How much worse can it get for the millions of law-abiding minorities, struggling to be seen as individuals? How much worse can it get for the thousands of honest cops, trying to protect a citizenry that doesn't seem to appreciate their daily sacrifice?

A few days ago, people were marching in the streets, literally calling for the execution of police. (“What do we want? Dead Cops!”) Others are standing by today, waiting to lionize the assassins who answer the call. These are not the champions of justice; these are the enemies of civilization, and it’s up to sensible people on both sides of the aisle to close ranks and shout them down. If we want to live in a nation of laws, we need to support the humans sworn to uphold them. They’re a lot of really great cops out there who have promised to do that very thing, including the one in my family. We’d be screwed without them.

To answer your question Meghan, I support peaceful protests, and I’m all for rooting out bad cops. But let’s not stop there. If we're serious about saving lives, and eliminating the confrontations that lead to the demise of Garner and Brown, let’s also condemn the stupidity that leads so many Americans to resist arrest. I don't care if you're white, black, red, periwinkle, burnt umber, or chartreuse - resisting arrest is not a right, it’s a crime. And it's never a good idea.

Mike

PS. In lighter news, it's come to my attention that CNN will attempt to air a new episode of SGDI, tonight at 9pm Eastern. (Assuming we can get through a whole day without a riot, an earthquake, a terrorist attack, and ebola outbreak, or a Zombie Apocalypse).

Mike

 

In the final days before the 2020 election, President Donald Trump is gaining among black voters, particularly men, because his record of accomplishments "speaks for itself" and the "façade" that President Trump is a racist "just doesn't ring true," argued sports columnist Jason Whitlock on "The Glenn Beck Radio Program" Tuesday.

Jason, who recently interviewed the president at the White House for OutKick.com, shared his thoughts on why he believes many black Americans — notably celebrities such as Kanye West, Ice Cube, and 50 Cent — are breaking from the "façade" that President Trump is a "flaming racist."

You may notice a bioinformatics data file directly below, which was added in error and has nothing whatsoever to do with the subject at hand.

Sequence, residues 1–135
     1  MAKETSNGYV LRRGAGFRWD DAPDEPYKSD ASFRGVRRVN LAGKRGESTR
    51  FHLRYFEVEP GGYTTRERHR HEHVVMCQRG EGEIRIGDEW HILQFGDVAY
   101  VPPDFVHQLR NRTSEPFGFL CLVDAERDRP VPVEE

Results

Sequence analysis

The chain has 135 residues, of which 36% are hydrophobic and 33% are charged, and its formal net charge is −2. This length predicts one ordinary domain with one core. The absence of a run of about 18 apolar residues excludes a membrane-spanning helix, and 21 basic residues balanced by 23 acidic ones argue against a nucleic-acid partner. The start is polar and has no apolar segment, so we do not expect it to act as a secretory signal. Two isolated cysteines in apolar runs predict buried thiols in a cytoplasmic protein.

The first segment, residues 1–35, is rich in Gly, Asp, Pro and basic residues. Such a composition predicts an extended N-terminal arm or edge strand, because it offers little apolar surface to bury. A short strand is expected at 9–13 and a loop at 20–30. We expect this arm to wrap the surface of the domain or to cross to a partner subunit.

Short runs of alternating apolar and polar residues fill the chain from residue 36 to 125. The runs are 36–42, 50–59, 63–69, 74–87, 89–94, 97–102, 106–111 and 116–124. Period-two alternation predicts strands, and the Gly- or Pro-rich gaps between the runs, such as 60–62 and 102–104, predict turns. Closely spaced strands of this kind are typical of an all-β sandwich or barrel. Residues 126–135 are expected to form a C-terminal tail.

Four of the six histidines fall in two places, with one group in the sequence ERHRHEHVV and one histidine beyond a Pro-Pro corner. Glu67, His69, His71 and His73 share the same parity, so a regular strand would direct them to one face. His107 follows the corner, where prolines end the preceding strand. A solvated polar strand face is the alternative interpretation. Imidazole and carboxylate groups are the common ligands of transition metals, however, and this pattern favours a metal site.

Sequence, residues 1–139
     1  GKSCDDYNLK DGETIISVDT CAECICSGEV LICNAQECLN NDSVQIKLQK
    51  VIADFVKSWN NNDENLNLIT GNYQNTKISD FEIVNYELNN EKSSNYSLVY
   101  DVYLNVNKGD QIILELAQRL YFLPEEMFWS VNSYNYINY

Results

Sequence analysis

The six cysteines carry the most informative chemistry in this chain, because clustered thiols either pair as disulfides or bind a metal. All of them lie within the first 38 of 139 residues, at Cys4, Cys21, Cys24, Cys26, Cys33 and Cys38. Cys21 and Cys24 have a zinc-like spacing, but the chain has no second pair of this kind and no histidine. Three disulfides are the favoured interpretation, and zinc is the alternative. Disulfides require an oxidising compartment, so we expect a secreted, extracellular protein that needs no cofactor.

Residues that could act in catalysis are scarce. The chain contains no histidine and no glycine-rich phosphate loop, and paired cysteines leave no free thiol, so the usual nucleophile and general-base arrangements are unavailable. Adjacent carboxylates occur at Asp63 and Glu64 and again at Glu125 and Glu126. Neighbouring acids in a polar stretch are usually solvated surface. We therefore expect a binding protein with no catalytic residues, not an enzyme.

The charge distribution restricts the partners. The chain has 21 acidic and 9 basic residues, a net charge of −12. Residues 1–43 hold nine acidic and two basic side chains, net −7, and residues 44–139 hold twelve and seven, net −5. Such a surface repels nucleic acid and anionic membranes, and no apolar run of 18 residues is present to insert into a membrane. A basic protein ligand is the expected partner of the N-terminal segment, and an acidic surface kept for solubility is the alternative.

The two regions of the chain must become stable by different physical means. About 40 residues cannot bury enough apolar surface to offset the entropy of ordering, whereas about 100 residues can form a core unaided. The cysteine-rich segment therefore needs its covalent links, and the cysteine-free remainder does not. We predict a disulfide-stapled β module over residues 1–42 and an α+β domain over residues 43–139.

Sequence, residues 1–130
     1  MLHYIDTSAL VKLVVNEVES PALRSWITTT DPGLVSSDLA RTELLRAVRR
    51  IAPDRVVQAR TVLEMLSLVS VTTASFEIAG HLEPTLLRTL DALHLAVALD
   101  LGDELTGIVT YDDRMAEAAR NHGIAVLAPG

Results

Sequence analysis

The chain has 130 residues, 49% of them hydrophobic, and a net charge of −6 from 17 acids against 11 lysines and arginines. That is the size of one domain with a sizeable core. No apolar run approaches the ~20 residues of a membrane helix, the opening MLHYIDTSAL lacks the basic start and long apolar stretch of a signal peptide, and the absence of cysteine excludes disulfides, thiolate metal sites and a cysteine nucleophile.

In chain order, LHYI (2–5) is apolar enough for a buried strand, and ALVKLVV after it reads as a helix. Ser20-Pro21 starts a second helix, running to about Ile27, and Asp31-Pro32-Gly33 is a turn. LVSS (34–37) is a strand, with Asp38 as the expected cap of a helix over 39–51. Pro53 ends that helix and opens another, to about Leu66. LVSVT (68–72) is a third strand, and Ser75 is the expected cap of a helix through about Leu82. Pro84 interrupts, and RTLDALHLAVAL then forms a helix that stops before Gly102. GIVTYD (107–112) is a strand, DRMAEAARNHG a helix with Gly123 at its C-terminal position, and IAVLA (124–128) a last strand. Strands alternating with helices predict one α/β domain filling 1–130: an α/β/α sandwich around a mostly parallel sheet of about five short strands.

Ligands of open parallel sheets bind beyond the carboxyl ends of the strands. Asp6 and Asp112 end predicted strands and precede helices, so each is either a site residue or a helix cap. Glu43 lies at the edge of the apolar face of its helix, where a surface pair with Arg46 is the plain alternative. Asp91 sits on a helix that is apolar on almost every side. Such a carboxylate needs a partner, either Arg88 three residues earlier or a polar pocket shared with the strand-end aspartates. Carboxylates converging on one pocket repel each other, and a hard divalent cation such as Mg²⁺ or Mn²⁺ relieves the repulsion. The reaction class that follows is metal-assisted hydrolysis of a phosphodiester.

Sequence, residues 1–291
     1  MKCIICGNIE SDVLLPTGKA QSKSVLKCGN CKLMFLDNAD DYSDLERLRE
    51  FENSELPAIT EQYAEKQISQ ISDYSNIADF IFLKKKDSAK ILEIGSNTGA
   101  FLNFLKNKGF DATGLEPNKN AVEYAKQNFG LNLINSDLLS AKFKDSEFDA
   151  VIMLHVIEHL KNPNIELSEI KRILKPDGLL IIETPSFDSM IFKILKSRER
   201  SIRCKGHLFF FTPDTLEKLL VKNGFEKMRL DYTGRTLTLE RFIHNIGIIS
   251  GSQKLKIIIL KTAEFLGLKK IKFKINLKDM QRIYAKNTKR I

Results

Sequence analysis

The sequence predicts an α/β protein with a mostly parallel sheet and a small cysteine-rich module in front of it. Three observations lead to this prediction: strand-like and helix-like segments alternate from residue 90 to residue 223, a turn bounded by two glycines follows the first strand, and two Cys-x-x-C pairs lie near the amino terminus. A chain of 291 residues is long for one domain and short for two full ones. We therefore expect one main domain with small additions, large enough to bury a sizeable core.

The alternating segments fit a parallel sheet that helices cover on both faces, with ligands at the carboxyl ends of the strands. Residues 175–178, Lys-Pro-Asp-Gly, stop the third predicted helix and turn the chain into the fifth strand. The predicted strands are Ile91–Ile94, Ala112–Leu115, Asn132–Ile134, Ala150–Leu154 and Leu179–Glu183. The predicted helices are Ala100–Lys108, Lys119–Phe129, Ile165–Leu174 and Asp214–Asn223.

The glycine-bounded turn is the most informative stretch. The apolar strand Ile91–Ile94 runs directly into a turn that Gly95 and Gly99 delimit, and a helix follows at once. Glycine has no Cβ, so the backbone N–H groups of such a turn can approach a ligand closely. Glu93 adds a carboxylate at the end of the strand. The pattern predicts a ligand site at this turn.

"I really believe the facts are starting to speak for themselves, and that Donald Trump's record of accomplishments, particularly as it relates to African Americans, speaks for itself," Jason told Glenn. "He actually has a record to stand on, unlike even Barack Obama. When [Obama] was president, I don't think he had much of a record to stand on, in terms of, 'Hey, what did he actually deliver for African Americans?' President Trump has things he can stand on and, you know, beyond that I think black people understand when he starts talking about black unemployment rate. And America's unemployment rate. And then, when you add in for black men, the façade we've been putting on [President Trump] … you know, this whole thing that he's some flaming racist, it just doesn't ring true."

Jason suggested that Trump's fearlessness, unabashed masculinity, and record of keeping his promises resonates with men in the black community. He also weighed in on how media and social media's bias plays a huge role in convincing people to hate President Trump while ignoring Antifa and others on the Left.

"I keep explaining to people, Twitter, Instagram, Facebook, they're some of the most secular places on earth. And we've reduced everyone to a tweet, that we disagree with," he added.

Watch the video below to catch more of the conversation:

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Megyn Kelly is not happy about the "disgusting" media coverage of President Donald Trump, specifically pointing to Lesley Stahl's "60 Minutes" interview on CBS Sunday.

On the radio program, Megyn told Glenn Beck the media has become so blinded by the "Trump Derangement Syndrome" that they've lost their own credibility — and now they can't get it back.

"It's disgusting. It's stomach-turning," Megyn said of the media's coverage of the president. "But it's just a continuation of what we've seen over the past couple of years. Their 'Trump Derangement Syndrome' has blinded them to what they're doing to their own credibility. They can't get it back. It's too late. They've already sacrificed it. And now no one is listening to them other than the hard partisans for whom they craft their news."